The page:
Five Million and Counting

March 14, 2014

In 2013, 5.2 million people were diagnosed with dementia, including Alzheimer’s disease. By 2050, as many as 13.8 million people may be affected. As these numbers increase, libraries are faced with the challenge of providing resources to both those with the disease and their caregivers. "Five Million and Counting: Serving Patrons with Alzheimer’s and Dementia," a panel discussion held Thursday afternoon, March 13, at PLA 2014, examined the issue and provided resources and advice.

At the beginning of the session, panelist Miriam Lytle of Gail Borden Public Library (GBPL) in Elgin, Illinois, asked those in the capacity crowd to raise their hand if they have cared for or know someone with Alzheimer’s or another type of dementia. Close to 90% of attendees raised their hands high—a sobering visual reminder of the disease's impact.

“It’s a difficult thing to do in our lives, caring for someone with a debilitating disease, and now we’re asking public libraries to do the same,” said Lytle, whose husband has multiple sclerosis. “There’s a bias in public libraries toward head counts, and this goes against that. This is about one-on-one and small group interaction.”

Lytle was one of three presenters from GBPL, and for good reason. The library was awarded a Carnegie-Whitney Grant for its Tales and Travel Memories Project, a program that takes dementia patients on adventures around the world using books and other library materials. The project was the brainchild of Mary Beth Riedner, former head librarian at Roosevelt University in Chicago, whose husband was diagnosed with early onset dementia. Using IFLA’s guidelines for providing library services to people with special needs, Riedner created 24 programs over the course of two years that catered to Alzheimer’s and dementia patients. Library volunteers travel to nursing homes or resident care facilities in the community and bring with them resources that can re-create a trip to a US state or foreign country: large print, easy-to-read books, travel guides, or colorful art and architecture books that are read aloud to those whose cognitive skills vary in range from active to passive; music and food specific to the region; fake passports that simulate the travel experience.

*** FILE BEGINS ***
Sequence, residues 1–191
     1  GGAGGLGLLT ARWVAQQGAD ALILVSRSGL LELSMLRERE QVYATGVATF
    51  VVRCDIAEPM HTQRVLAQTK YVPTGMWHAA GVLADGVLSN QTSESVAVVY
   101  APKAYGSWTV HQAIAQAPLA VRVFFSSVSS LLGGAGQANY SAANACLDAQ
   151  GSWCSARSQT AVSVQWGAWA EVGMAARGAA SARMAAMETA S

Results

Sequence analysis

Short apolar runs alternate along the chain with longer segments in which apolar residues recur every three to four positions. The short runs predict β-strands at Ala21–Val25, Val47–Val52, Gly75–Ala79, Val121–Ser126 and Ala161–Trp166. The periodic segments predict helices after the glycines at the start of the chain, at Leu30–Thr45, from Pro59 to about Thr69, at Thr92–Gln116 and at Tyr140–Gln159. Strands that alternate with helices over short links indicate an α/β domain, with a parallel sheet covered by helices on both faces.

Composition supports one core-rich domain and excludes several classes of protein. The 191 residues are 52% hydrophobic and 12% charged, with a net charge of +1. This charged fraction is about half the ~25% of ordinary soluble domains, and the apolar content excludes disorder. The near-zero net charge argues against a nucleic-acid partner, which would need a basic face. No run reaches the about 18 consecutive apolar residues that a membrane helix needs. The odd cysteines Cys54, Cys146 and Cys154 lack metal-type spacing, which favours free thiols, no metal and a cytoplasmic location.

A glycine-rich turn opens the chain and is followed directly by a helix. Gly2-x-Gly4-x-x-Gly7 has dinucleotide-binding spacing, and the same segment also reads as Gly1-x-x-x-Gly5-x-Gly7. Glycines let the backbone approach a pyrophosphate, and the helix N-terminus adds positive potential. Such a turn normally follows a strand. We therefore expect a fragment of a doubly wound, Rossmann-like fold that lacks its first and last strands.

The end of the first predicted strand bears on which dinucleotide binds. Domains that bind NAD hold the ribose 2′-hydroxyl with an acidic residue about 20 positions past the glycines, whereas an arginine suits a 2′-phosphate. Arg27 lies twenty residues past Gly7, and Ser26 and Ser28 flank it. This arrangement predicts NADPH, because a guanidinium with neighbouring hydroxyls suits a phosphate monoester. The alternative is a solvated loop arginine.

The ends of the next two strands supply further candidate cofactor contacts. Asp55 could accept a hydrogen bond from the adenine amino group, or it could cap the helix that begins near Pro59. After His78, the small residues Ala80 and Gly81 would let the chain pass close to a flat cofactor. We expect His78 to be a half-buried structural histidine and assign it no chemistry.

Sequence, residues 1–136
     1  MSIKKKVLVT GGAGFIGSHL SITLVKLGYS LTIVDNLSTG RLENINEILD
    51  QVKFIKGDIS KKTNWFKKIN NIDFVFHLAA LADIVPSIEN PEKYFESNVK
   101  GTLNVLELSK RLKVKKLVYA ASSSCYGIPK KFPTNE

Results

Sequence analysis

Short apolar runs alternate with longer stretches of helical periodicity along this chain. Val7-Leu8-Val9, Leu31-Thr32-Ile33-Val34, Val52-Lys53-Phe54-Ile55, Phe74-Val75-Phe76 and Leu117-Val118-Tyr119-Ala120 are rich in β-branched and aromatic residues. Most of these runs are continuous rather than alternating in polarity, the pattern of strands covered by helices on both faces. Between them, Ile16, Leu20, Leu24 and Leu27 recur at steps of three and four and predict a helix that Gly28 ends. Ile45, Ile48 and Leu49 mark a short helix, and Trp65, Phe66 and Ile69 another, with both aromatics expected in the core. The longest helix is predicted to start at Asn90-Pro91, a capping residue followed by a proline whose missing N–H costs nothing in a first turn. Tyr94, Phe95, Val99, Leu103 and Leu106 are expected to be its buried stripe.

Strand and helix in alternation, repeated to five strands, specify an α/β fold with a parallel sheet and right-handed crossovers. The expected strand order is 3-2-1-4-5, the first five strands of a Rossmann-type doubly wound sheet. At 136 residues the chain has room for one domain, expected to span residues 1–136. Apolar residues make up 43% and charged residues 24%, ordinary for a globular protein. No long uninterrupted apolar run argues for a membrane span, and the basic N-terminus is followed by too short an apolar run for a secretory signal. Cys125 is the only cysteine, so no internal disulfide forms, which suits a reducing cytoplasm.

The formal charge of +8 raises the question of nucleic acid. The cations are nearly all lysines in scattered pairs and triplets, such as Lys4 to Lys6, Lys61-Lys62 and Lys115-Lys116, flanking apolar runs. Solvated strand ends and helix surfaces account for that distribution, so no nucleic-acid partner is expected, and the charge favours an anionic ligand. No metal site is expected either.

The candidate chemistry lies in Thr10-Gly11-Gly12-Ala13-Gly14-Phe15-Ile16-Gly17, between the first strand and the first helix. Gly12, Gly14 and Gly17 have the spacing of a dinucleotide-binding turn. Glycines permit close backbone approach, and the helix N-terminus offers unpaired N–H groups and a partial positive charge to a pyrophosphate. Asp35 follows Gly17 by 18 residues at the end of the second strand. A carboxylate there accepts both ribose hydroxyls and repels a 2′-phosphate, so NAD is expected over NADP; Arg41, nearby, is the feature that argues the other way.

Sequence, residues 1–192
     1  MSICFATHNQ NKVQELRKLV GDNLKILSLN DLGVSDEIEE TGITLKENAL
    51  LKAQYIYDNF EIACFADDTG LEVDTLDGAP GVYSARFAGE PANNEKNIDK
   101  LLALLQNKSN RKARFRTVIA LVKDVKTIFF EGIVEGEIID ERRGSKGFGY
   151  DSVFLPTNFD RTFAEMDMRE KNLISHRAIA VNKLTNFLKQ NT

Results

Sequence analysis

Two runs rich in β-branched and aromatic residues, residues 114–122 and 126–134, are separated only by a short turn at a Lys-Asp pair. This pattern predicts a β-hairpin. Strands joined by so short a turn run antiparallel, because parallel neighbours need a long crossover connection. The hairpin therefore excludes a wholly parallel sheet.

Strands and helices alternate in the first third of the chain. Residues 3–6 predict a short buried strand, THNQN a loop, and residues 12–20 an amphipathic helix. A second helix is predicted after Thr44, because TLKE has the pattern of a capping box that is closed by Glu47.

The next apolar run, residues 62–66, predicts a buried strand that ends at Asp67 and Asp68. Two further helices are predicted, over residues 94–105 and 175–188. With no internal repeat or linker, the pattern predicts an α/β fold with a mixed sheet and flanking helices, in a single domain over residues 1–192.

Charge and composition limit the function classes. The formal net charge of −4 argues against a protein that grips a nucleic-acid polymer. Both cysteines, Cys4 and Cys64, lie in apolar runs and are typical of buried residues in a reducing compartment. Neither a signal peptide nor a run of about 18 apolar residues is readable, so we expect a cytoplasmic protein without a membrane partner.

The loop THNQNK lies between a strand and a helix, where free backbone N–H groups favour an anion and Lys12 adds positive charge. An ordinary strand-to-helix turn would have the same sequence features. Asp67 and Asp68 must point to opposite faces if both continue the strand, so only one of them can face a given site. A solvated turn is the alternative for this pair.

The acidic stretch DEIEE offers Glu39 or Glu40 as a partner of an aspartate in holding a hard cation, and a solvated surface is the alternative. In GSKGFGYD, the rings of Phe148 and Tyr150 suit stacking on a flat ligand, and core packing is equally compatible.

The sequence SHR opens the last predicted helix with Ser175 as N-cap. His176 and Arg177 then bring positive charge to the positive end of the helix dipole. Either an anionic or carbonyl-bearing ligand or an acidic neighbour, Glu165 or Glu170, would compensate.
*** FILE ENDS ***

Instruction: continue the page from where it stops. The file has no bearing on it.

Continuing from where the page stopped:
The entire program is predicated on engaging patients, sparking their memories, and keeping their minds active. “Alzheimer’s does not always destroy literacy or the ability to read,” said Karen Maki, GBPL deputy director. Tales and Travel hopes to help maintain, and possibly restore, these skills.

The panel also featured Ann Moore from the Schenectady (N.Y.) Public Library, who detailed an outreach program that her library undertook. Volunteers visited retirement homes and brought with them books and films for the residents. Over the course of six years, the program grew into a successful endeavor. She told how the patients anticipated the library volunteers’ visits, and library staffers witnessed how books and materials opened patients up and jogged their memories. Unfortunately, budget cuts and volunteer disinterest led to the program's dissolution.

Moore shared five rules she created when working with dementia patients, including those with Alzheimer's:

  1. Be flexible;
  2. Be patient and be prepared to repeat yourself when talking;
  3. Speak simply and clearly and always look directly at the individual you are talking with;
  4. Keep a sense of humor and don’t take things personally;
  5. Remember that they’re people, too, and not every patient is the same. Everyone’s needs are different.

Linda Altmeyer from the Alzheimer’s Association Greater Indiana Chapter, Indianapolis, was also on hand. Her descriptions of the diseases, their causes, and programs and services offered by the association were invaluable. They also revealed the pervasiveness of dementia, particularly Alzheimer’s, and that much more work must be done to understand and help those affected.